and daily additions are marked on a blackboard.
12, rue de Presbourg
a superb view of the Arc de Triumphe, a fresh menu by young
chef, Didier Doucet,
an elegant high-ceilinged interior and all new management
this restaurant is on the upswing. Tony Gomez presides
restaurant and downstairs nightclub with the style and taste
that has made him the man to follow on the Paris night scene.
Here he has created an atmosphere where you eat well (and
maybe see some beautiful people) without entering the stuffy
of four-star mannerisms. He is as happy that you enjoy the
scallops topped with thin truffle slices, as the art work � large
format photos of jazz musicians from Gomez's own collection.
Centre Pompidou. Sixth Floor.
Metro Rambuteau or Hotel de Ville.
Closed Tuesday. Open until 2am
new canteen for the artsy crowd can be found high above
the city on the sixth
floor of the Centre Pompidou. "Georges" is run by the Costes
family�which has brought us many trendy Paris cafes�and is
designed by young, Paris-based architects Dominique Jakob
and Brendan MacFarlane. The design is striking with giant,
bubbles rising out of a silver floor. These contain the kitchen,
bathrooms and VIP lounge. The real star of the restaurant,
however, is the impressive wrap-around view of Paris. To
access the restaurant without buying a museum ticket, take
elevator just to the left of the main plaza entrance. Sadly,
this doesn't mean you will be able to sneak into an exhibit
after coffee. Coffee, light food or hot entrees (10 euros
Les Grandes Marches
6, place de la Bastille
chef Christian Constant has conceived the menu for this
large, airy, contemporary
restaurant next door to the Bastille Opera. The 300-place
restaurant gets it names from the graceful, curving staircase
to the upstairs dining room. The interior by Elizabeth de
Portzamparc is refined and modern. The owner is the Flo
of Paris favorites like La Coupole, Julien and Brasserie
Flo, amongst others. While they may have made the leap
interiors, the food is traditional French � with Constant's
creative touch, of course. Menu at 30 euros. A la carte over
45 euros per person.
Second floor Eiffel Tower
The Jules Verne Restaurant
is on the second platform of the Eiffel Tower. A private elevator
(you must have a reservation to gain access) takes you 123
meters up, where a welcoming committee will greet you. Although
dinner is quite expensive, lunch is a very good value. There
is a lunch menu from Monday to Friday consisting of three courses
for 45 euros and a selection of wines priced under 30 euros.
8, rue de Berri
Open daily noon to 12:30 pm
Sushi, with its ultra modern video screens and curving
was designed by Andree Putman. Sit at the counter and try
to choose as plate
after plate of fresh and colorful sushi passes by. Plates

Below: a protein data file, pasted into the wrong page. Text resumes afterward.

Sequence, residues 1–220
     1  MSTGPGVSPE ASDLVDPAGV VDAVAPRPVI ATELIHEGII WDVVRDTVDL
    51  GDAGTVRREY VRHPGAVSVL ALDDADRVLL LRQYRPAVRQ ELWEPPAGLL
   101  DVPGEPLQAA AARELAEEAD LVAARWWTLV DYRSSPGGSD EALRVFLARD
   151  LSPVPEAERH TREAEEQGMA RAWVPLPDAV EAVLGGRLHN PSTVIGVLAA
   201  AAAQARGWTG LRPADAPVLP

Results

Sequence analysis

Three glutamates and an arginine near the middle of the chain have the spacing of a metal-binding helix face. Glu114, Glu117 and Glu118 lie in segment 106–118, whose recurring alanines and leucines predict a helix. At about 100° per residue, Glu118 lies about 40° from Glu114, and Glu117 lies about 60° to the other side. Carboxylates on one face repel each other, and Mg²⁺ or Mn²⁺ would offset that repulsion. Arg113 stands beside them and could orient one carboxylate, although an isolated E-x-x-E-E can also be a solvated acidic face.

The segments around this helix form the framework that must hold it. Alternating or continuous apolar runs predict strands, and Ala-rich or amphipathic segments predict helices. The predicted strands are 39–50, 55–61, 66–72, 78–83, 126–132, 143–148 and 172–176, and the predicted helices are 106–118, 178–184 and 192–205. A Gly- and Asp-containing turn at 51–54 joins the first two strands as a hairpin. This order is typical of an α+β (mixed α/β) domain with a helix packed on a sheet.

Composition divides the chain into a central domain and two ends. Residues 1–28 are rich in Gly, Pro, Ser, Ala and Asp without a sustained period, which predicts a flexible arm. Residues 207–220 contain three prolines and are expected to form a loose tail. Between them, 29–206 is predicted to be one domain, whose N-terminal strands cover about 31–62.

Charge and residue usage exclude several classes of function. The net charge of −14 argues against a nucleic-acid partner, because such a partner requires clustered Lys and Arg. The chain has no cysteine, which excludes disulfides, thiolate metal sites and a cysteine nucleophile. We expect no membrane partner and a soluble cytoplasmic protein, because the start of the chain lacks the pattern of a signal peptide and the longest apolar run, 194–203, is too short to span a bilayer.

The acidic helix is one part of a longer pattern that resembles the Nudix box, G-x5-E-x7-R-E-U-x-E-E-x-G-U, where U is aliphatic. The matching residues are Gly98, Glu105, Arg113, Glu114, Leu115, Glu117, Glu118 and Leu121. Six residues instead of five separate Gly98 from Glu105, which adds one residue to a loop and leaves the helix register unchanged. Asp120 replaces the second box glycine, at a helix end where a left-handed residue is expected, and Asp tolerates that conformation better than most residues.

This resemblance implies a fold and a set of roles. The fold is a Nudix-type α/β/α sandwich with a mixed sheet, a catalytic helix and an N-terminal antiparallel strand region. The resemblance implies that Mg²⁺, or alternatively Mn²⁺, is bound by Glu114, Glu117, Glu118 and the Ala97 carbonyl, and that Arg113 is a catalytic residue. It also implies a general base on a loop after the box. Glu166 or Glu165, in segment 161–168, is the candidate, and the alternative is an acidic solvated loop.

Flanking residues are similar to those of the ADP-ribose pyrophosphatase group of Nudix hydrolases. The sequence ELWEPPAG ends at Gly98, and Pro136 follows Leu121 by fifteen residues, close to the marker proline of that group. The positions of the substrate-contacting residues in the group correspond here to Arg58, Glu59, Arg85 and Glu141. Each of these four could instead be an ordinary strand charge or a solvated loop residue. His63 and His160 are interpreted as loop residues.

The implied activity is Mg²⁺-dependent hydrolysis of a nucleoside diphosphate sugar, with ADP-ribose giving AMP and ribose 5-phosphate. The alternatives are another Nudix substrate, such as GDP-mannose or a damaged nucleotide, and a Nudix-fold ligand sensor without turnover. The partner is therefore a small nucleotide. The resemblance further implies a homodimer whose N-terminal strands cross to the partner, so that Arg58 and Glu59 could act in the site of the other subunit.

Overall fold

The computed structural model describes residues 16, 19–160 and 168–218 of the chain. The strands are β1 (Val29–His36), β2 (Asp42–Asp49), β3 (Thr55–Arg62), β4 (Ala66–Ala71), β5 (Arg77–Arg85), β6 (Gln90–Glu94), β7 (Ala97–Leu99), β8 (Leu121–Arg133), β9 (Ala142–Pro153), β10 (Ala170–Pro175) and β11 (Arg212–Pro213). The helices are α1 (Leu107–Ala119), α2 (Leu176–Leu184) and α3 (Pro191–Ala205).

are different colors representing different prices. When
finished the waitress tallies up the empty dishes. About
5 euros a plate.
33, rue Marboeuf
rooms, with four different ambiences, take you from day
lit cafe, to the ice-green
leather chairs and stunning black and white of the bar, to
the hushed orange of the candlelit restaurant, to a "chill
out room" with a low ceiling and even lower seating in this
new restaurant designed by French architect Christian Biecher.
The concept being that urban professionals can come at any
time of the day or evening for something to eat and drink.
Very chic and relaxed without being "trendy." Glass of champagne
10 euros, dinner 30 euros and up.
L'Os a Moelle
3, rue Vasco de Gama
Closed Sunday & Monday
La Cave de l'Os a Moelle
181 rue de Lourmel
Thierry Faucher, who
worked with the brilliant Christian Constant, is another one
of the talented young chefs contributing to the modernization
of traditional French cuisine. Faucher opened his restaurant,
L'Os a Moelle, outside of Paris' chic districts in order to
offer excellent food at reasonable prices. The result is that
he is booked full every night. He's also taken his concept
one stage further and opened a bar across the road where you
can eat at one of two communal tables. L'Os a Moelle is small,
friendly and unfussy. At lunch the prix fixe menu is 25 euros
with a choice of six entrees. At night the price is 30 euros
for a set, six-course meal with a choice of dessert. It's all
decided for you but you won't be disappointed. Everyone arrives
anticipating an unknown menu--one they know will be brilliant.
Meanwhile, across the road the atmosphere is informal and the
food is homey. The set-price menu is 20 euros, and you serve
yourself in your own time.
10, rue de Sevigne
Excellent Italian cuisine
prepared by Toni, in this tiny restaurant, that fills up quickly
with those who know that pasta is good for the body and the
soul. Reservations suggested. Around 30 euros.
49, avenue Jean Moulin
Closed Sunday and Monday
Yves Camdeborde's popular
restaurant, La Regalade, is intimate, cluttered and warm. The
food is what the French call cuisine familiale, but the menu
goes from the fine and subtle to the truly traditional. This
restaurant caters to those who believe that simpler is better.
Camdeborde is definitely one of the talented young chefs who
exercises this thinking and the price, 28 euros for three courses
at lunch, is very reasonable for the standard of quality.
Rotisserie d'en Face
6, rue Christine
Closed Saturday lunch and all day Sunday
it might not sound very French, a meal of meat and potatoes
is at the heart of
the country's culinary experience. Long before nouvelle cuisine,
there were grilled steaks and plump fowl turned over a fire.
What could be better then a crisply roasted free-range chicken,
accompanied by a creamy puree de pommes de terre, then followed
by an excellent dessert? Not much. Fortunately, Parisian
chef Jacques Cagna, of the famous restaurant that bears
created the Rotisserie d'en Face, an open, roomy restaurant
where you can get exactly this meal � and more. About 45
euros with wine.
13, rue de Montalivet
Closed for lunch Saturday and Sunday
It hasn't taken long
for Parisians to discover ZO, tucked off the Rue Faubourg Saint
Honore on a very quiet, but central street. In just nine months,
young and dynamic owners Micael Memmi and Olivier Haski have
conceived two-menus-in-one, both inspired by southern cuisine.
French provincial cooking shares the spotlight with sushi.
Each menu has its own chef. The clientele, too, is a mix from
the worlds of business, fashion and politics. We recommend
the mille feuille of zucchini, tomato and mozzarella, and an
incredible dessert, le Ying et le Yang, served warm and oozing
an unctuous chocolate sauce. Lunch menu 15 euros. Dinner around